wingbeat of a distance
between what we thirsted for
Joshua St. Claire
sometimes we forget
that we never knew
the scent of yucca
after the rain
the bristlecone pine
speaks in ice ages
gone by morning
invite the hawkmoth for tea
the dew dies on the rocks of your face
the dew was once the sweetness of leaves
August, Thirty Years Ago
I waited for you
in the little brick house
and in the yard, under the pines.
I held your sister’s hand
and tried to walk you free.
I ate spicy food and made love
with your father.
When you arrived, I was ready,
but utterly unprepared
for the bounty of the harvest.
I Saw Her
It doesn’t matter
what they say, I don’t
I saw her.
She was right outside
like something from
blowing a hot kiss
out of the mist.
I want to tell you how the hive collapses
While the pillowcases are bleached beyond recognition
All pattern gone.
Ground in. What can I do? Where can I turn? Honey is sweet, wax burns.
I believe in your greatness of soul
While you come back for glasses. Car keys, cell phone, camera in pocket. Memory & language low
above the spoken one
The language that comes to us in sleep
Is like the praise of the bees:
Toward the darkest of the year we veer:
Memorial day clamps the sky with iron: the soldier comes home for sweetness, a smoke, a beer.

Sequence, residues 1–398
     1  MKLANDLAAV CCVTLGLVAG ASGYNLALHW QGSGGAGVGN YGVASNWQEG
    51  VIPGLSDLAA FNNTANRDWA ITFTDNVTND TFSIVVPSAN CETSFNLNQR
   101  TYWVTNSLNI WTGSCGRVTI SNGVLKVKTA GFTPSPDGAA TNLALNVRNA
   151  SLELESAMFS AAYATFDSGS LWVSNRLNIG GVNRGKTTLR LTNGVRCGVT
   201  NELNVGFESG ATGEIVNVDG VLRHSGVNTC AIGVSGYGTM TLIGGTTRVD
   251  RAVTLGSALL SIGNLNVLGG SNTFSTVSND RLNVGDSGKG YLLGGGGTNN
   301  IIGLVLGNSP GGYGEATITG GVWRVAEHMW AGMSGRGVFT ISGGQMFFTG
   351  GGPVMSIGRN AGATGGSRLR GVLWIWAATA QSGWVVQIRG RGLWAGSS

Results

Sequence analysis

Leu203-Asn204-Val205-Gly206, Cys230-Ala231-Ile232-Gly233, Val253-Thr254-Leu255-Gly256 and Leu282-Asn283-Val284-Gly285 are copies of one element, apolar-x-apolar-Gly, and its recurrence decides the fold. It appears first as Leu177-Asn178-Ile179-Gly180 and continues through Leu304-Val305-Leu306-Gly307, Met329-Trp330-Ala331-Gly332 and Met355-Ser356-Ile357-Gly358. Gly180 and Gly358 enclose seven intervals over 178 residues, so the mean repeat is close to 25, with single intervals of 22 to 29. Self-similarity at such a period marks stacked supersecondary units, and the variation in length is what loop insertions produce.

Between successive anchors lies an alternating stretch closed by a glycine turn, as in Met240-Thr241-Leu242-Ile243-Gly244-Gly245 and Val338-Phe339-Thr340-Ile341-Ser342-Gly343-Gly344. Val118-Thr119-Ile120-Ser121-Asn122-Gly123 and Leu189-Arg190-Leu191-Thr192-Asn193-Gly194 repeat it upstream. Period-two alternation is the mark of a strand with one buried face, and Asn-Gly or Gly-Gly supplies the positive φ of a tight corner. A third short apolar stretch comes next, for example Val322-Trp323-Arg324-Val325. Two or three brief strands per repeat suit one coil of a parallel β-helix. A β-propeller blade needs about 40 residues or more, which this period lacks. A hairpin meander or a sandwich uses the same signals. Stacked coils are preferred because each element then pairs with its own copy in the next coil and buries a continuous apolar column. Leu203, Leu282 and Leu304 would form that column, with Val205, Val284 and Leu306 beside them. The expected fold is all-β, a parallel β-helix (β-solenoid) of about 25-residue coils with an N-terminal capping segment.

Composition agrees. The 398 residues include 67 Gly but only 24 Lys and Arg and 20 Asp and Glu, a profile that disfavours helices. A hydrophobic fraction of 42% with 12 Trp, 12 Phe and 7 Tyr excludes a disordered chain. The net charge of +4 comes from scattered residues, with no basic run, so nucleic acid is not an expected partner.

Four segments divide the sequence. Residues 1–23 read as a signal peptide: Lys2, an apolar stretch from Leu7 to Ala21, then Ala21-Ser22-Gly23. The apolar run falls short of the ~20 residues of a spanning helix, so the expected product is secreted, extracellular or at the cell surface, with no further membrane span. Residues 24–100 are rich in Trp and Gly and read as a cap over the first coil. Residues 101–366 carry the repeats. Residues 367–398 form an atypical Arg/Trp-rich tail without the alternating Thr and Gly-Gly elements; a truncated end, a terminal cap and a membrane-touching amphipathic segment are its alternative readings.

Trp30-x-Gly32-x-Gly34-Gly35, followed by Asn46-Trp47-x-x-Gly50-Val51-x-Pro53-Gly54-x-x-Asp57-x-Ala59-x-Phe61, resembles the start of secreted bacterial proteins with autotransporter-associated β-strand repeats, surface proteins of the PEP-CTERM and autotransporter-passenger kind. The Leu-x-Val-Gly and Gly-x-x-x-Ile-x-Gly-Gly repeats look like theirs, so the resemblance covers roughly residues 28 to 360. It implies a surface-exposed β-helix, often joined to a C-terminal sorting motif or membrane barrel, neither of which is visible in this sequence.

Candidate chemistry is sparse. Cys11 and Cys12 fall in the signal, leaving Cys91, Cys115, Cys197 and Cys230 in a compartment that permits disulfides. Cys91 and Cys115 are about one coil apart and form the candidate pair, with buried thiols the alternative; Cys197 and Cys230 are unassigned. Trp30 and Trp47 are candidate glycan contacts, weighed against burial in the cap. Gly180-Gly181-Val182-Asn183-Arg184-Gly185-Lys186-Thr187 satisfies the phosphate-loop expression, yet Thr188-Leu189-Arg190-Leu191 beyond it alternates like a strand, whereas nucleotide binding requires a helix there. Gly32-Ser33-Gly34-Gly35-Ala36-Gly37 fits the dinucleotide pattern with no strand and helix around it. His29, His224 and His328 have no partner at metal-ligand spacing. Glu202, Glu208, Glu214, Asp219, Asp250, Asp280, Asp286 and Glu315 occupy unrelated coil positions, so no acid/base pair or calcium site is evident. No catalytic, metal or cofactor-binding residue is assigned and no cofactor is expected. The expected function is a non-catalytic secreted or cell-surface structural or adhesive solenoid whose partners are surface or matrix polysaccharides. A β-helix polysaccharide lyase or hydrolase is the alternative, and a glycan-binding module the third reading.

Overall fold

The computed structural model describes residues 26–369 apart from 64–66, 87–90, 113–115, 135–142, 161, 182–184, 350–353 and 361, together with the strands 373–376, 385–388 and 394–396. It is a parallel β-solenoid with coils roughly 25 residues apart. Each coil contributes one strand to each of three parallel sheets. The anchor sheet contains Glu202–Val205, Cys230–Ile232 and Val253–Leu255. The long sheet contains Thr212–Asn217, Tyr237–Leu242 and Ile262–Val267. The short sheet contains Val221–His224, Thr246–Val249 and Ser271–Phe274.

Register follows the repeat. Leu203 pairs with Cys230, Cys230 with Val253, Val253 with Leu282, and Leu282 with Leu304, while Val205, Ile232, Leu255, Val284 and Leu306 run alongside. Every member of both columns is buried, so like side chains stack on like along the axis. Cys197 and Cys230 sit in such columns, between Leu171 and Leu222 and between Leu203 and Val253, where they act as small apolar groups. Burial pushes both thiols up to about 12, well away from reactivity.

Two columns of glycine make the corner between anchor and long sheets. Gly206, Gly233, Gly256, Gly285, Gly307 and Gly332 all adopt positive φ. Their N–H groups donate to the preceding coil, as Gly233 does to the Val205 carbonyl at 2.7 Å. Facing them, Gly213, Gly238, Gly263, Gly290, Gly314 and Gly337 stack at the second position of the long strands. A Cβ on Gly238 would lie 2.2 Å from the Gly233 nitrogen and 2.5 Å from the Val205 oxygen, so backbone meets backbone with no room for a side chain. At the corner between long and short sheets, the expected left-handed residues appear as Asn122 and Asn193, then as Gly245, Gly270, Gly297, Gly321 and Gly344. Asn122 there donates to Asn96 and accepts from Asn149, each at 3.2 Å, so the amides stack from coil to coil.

I have leapt thru many hoops: wooden, beige, blond:
Some Breughel like in that great painting “Children’s’ Games”
Now with craquelure.
The exodus of many hopes
Thru a darkened
Cathedral door. A call to prayer in a small village. Poppy fields blowing. Heroin.
The lure of healing
Like the brightness this winter morning, a lst day of a panic year, endemic
Which strikes like an arrow, the marrow
Of the bone
& the pupil of the eye: now green, now grown, now rough rouge like a fox running in fear at a final warning.
Appearing from nowhere, like the Northern Lights
A woman’s smile, the hidden history of the apple: cabin fever, floral nicotine-stained wallpaper.
The nurse who said the stench was too strong for her to work the burn ward
The one who left me in a wet bed all night:
Are gathered up in a cup, not of David or Cupid
I have lived a year in my cell at right angles above the library
One story from the street
Beating on bed bars. Not bitter Not sweet.
Time out from untangling:
if I told it straight, pixie-mood. It would break your heart.
Last day of 37
Maybe it is good
to move out of a prime
into something divisible
to let go
to fall apart
to sweep up the dust
of this last year
and throw it away.
Everywhere the snow is melting
exhalation of the old.
Better to count the years
than to count what’s left
better to bruise
than to shatter
to give voice
to the lyric unraveling
Every sentence benefits from a verb. Naturally, this time of year, with everything so seasonal, it can’t be prevented, so I like to be lucky, even when nobody is looking. Yesterday, for instance, I was paid in knives. Today won’t last as long as yesterday, because now I’m doing things that don’t have names. Why stick to my talking points? About half an hour ago, I plummeted into a seething nest of baby rattlesnakes. You know how it always seems like there are more of them than there are of you. Hey, did you pick that outfit yourself?
I Am Here
Midway upon the journey of our life
I found myself within a forest dark,
For the straightforward pathway
had been lost.